How to Open a PDF File in Microsoft Word

PDF (Portable Document Format) files are generally viewed in PDF viewers such as Adobe Reader and edited in PDF editing applications such as Adobe Acrobat. PDF files can consist of both text and graphical elements, but how much easier would things be if you could simply open and edit a PDF file in Microsoft Word? Microsoft Word can also be used to create and edit documents that contain both text and graphics, so it would make sense for Word to be able to open PDF files. Unfortunately that isn’t the case – or at least wasn’t the case, not until Microsoft Word 2013 came into being.

With Word 2013, Microsoft added the ability to open PDF files in Word, edit them and then save them in the PDF file format. To do so, Word converts the PDF file into a file Word can read, open and edit, and then opens it, converting it back to a PDF file when the user saves the changes they make to it. The conversion from PDF to Word is not flawless, which is why a user may find that some lines and pages break at bizarre points or that there are some inconsistencies in the document once it has been converted from PDF to Word and then opened in Word. This functionality is also available in Word 2013’s successor, Word 2016.

However, what of all of the versions of Word that came before Word 2013? And what of instances where converting the PDF file in question from PDF to Word causes the file to lose substance? Well, in these cases, you can make use of an application – say, Adobe Acrobat – to fully convert the PDF file into a Word file and then open the converted Word file in Word.

Without further ado, here’s exactly how you can open a PDF file in Word:

Opening a PDF file in Word 2013 and Word 2016

If you’re using Word 2013 or Word 2016, opening a PDF file in Word is pretty simple – all you need to do is use the Open functionality to locate the PDF file and have Word open it, and the program will automatically convert and then open the file. Here’s exactly what you need to do:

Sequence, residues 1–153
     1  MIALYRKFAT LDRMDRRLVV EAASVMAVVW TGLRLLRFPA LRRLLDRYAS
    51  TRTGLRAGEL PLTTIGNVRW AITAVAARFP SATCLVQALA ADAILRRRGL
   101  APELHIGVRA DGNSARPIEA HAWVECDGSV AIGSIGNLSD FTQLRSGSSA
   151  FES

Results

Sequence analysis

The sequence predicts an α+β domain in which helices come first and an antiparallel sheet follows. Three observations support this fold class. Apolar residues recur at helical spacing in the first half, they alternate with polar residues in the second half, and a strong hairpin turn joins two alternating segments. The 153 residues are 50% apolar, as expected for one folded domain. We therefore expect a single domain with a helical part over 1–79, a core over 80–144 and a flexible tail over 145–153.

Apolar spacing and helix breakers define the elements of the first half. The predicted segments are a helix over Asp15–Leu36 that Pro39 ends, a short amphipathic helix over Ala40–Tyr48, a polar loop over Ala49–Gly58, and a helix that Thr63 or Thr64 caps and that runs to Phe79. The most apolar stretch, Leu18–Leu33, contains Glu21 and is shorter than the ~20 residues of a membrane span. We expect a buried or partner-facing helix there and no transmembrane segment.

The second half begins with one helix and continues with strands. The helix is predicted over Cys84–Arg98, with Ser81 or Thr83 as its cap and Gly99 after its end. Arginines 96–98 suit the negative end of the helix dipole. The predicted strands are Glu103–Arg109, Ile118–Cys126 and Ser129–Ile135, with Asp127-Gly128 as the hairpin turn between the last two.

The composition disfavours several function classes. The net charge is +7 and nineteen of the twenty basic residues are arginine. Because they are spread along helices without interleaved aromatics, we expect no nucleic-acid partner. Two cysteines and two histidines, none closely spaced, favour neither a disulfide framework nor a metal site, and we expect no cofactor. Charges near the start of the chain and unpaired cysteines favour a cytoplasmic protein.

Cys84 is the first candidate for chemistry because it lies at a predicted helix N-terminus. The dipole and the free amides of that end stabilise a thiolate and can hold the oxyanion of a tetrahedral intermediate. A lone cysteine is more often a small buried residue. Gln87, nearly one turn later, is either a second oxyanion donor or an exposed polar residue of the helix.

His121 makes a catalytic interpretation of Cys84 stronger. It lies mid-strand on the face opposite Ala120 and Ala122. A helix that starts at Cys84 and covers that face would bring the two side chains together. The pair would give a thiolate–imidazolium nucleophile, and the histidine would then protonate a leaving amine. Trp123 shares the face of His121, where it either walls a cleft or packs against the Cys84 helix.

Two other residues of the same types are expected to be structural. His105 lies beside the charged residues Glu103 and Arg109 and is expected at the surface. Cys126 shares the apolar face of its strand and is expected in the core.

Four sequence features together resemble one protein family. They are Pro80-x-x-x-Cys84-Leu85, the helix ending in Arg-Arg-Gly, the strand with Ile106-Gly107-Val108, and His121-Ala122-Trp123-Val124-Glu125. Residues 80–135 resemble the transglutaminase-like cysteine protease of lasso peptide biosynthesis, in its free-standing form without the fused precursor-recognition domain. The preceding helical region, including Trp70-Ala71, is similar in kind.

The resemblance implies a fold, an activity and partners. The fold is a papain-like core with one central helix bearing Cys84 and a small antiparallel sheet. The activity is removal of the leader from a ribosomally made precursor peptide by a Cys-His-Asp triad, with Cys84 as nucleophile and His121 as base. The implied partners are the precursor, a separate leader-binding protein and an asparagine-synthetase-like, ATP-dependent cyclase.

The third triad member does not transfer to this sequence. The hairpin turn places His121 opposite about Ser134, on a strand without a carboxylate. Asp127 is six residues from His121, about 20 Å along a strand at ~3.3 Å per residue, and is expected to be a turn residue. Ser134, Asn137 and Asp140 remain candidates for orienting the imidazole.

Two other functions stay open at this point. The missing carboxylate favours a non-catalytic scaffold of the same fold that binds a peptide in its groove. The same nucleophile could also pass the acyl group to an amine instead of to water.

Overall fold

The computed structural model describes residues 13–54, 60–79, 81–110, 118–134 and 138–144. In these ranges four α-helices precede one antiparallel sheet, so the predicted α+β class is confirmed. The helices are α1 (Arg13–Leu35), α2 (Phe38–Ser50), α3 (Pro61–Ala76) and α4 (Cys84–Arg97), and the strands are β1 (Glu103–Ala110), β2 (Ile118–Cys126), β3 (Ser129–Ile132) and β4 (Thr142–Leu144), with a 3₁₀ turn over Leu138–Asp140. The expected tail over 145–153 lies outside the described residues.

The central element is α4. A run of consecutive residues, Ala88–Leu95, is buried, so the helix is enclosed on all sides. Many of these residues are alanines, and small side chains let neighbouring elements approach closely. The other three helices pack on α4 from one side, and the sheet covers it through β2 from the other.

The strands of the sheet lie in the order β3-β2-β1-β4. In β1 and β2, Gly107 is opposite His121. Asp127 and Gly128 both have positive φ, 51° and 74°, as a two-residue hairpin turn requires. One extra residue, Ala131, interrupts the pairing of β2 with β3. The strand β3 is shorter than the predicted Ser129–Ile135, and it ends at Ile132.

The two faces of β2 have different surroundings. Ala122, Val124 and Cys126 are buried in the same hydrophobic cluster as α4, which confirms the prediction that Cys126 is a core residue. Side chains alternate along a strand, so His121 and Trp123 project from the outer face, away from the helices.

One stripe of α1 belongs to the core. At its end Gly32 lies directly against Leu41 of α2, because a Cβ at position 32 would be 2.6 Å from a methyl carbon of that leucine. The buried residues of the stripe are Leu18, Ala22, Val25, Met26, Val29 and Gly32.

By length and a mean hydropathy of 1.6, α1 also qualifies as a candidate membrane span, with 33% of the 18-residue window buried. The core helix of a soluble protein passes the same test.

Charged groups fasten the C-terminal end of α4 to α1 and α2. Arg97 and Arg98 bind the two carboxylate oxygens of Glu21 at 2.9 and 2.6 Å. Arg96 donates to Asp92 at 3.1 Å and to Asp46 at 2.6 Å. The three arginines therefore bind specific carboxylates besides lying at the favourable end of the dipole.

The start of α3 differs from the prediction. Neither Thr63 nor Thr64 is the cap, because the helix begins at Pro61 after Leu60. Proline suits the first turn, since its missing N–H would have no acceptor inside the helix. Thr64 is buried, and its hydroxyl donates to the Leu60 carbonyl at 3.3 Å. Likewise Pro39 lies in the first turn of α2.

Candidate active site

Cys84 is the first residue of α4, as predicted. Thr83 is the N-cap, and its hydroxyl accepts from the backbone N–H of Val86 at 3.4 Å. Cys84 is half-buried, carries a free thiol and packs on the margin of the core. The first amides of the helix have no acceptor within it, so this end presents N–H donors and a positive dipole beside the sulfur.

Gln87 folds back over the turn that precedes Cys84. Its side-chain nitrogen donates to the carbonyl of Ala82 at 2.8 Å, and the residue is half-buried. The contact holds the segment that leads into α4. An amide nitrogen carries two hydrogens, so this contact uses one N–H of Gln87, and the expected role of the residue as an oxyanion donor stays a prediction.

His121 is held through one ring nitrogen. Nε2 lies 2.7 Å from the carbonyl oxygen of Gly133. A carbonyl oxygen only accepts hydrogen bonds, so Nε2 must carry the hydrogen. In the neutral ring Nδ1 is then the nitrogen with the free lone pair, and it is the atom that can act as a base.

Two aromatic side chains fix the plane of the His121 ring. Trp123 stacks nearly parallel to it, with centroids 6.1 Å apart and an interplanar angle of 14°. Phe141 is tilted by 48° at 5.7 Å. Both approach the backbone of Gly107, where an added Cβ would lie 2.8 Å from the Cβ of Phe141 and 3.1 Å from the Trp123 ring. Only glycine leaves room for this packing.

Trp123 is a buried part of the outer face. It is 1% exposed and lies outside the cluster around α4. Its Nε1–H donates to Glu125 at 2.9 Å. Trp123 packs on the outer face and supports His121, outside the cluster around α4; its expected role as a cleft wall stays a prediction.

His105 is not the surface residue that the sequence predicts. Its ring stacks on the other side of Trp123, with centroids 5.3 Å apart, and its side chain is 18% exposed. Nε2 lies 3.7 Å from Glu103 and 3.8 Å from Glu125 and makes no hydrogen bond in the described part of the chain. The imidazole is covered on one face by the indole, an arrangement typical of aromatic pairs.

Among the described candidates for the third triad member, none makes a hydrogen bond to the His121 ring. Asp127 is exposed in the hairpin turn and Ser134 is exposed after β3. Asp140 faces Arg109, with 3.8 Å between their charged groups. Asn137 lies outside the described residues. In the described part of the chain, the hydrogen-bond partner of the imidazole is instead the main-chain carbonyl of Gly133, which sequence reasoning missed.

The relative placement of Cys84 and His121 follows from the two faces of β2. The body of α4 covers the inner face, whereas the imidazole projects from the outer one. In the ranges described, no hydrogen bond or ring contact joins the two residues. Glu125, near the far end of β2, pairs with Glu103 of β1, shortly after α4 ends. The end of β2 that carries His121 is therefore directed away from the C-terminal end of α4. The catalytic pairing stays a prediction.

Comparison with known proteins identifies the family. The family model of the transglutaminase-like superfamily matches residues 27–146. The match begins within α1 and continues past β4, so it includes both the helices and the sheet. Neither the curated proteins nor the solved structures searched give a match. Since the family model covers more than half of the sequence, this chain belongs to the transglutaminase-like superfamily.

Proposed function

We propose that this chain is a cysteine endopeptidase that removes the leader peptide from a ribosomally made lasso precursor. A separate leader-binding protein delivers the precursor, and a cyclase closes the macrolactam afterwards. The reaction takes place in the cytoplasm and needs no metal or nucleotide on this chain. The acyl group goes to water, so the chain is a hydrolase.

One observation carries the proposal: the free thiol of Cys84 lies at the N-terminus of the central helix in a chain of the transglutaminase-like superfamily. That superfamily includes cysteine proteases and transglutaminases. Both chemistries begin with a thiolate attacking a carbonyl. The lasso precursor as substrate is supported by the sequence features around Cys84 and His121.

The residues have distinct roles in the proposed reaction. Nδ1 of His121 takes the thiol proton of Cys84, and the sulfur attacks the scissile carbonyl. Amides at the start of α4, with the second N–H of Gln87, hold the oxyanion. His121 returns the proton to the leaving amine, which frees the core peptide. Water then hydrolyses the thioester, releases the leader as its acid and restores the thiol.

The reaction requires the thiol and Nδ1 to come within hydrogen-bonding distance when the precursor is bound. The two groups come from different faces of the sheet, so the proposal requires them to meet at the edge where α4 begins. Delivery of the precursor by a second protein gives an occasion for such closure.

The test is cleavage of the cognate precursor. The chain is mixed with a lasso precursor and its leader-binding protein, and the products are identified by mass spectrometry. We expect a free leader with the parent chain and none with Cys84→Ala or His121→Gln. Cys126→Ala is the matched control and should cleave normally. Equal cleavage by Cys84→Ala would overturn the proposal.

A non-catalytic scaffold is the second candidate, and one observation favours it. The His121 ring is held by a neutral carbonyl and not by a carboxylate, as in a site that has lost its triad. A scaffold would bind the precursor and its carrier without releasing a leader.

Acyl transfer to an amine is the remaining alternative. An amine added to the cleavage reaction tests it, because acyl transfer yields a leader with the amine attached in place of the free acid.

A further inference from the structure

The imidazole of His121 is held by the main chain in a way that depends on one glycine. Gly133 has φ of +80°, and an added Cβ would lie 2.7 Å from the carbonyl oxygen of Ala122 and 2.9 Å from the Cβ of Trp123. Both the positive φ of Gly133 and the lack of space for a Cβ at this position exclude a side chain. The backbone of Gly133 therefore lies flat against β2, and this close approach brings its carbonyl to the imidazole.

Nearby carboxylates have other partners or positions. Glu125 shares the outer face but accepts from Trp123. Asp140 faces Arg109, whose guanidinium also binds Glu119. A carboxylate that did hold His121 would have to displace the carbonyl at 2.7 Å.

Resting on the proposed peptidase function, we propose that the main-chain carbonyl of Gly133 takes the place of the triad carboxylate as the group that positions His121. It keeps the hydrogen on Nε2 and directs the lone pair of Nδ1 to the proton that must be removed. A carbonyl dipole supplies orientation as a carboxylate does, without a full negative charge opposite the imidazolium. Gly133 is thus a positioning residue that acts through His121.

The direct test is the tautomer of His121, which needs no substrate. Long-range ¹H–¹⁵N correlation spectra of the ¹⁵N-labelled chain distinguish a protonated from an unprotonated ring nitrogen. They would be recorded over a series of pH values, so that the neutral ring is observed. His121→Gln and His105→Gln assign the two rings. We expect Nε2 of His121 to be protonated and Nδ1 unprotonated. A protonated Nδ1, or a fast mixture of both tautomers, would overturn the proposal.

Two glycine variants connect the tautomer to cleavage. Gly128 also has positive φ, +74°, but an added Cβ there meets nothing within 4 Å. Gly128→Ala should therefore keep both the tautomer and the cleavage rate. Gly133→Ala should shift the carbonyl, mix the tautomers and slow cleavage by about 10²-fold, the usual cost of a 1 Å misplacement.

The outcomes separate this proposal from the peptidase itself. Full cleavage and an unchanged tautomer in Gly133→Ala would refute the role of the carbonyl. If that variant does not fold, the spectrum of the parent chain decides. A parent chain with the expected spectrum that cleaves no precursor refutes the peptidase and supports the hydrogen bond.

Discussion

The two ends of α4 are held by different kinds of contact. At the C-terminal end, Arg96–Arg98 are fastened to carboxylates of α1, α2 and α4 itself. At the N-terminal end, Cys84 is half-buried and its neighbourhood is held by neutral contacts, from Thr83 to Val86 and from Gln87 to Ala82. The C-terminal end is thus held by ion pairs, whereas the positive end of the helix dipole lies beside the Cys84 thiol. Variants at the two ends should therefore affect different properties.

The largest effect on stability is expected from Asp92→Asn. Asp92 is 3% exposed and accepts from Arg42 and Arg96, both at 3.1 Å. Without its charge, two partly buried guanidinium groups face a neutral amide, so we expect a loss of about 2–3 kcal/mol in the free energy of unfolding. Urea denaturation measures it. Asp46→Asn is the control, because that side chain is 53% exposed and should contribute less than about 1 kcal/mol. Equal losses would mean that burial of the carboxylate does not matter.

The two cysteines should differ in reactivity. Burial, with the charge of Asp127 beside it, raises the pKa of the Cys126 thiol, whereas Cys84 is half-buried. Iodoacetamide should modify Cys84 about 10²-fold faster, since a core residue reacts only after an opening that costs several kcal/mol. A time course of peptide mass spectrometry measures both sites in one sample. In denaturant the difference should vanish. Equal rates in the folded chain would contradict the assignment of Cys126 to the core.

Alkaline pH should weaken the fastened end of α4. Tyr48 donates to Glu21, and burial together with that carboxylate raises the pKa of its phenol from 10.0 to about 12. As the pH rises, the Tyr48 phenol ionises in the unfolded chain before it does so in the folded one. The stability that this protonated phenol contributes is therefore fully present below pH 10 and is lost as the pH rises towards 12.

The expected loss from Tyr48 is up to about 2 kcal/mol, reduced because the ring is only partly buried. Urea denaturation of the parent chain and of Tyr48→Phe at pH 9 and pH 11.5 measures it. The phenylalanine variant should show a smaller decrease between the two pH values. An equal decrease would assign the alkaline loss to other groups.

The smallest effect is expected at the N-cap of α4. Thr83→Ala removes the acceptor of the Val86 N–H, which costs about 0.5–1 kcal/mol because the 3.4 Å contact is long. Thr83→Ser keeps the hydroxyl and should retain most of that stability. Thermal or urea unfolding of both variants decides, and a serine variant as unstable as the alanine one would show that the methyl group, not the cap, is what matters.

1. Click on File Open
  2. Under Open, click on Computer to select it. 
  3. Click on Browse in the right pane. 
  4. In the Open window, navigate to the location on your computer the PDF file you want to open in Word is in.
  5. Locate the PDF file in question and click on it to select it.
  6. Click on Open
  7. Word will display a message stating that it will now convert the selected PDF file into an editable Word document and that you may lose some substance or formatting as a result, especially if the selected PDF file is graphics-heavy. Word will also inform you that the process may take some time. Click on OK
  8. Simply wait for Word to convert the selected PDF file into a Word document you can edit.

When Word converts a PDF file into an editable Word document, it prioritizes your ability to edit the text in the file over the overall layout of the file and the formatting of its contents. While the formatting of the content of the resulting document is pretty impeccable compared to the original PDF file in almost all cases, the layout (page breaks, for example) can be a bit messed up, and that’s just something you’ll have to be okay with.

Converting a PDF file into a Word file and then opening it

If you’re using a version of Word that is older than Word 2013 or if converting the PDF file in question into an editable Word document messes it up to the extent that you can’t successfully make the changes you want, you can convert the PDF file into a Word file beforehand and then open it in Word. You’re going to need Adobe Acrobat to do so, however. To convert a PDF file into a Word document using Adobe Acrobat, you need to:

  1. Open the PDF file in Adobe Acrobat.
  2. In the right pane of Adobe Acrobat, click on the Export PDF tool.
  3. For your export format, select Microsoft Word.
  4. Select Word Document.
  5. Click on ExportAdobe Acrobat will begin converting the PDF file into a Word document, which may take some time depending on how large the PDF file is and just how graphics-heavy it is. If the PDF file contains any scanned text, Adobe Acrobat will automatically run text recognition on it.
  6. Name the Word file Adobe Acrobat creates and save it in a desired location on your computer.

Kevin Arrows

Kevin Arrows is a highly experienced and knowledgeable technology specialist with over a decade of industry experience. He holds a Microsoft Certified Technology Specialist (MCTS) certification and has a deep passion for staying up-to-date on the latest tech developments. Kevin has written extensively on a wide range of tech-related topics, showcasing his expertise and knowledge in areas such as software development, cybersecurity, and cloud computing. His contributions to the tech field have been widely recognized and respected by his peers, and he is highly regarded for his ability to explain complex technical concepts in a clear and concise manner.